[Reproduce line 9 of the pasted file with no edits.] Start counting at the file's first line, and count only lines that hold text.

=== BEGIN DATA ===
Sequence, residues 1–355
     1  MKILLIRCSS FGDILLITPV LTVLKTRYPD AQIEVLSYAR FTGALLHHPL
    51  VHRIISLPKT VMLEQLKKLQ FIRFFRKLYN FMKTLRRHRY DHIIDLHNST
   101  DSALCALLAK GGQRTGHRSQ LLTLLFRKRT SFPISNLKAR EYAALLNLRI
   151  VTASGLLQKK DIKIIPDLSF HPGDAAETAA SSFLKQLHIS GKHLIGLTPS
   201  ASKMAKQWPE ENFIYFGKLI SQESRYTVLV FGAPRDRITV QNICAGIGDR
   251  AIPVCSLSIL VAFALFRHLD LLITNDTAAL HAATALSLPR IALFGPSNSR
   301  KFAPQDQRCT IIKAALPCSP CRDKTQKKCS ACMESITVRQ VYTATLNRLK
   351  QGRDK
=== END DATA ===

   351  QGRDK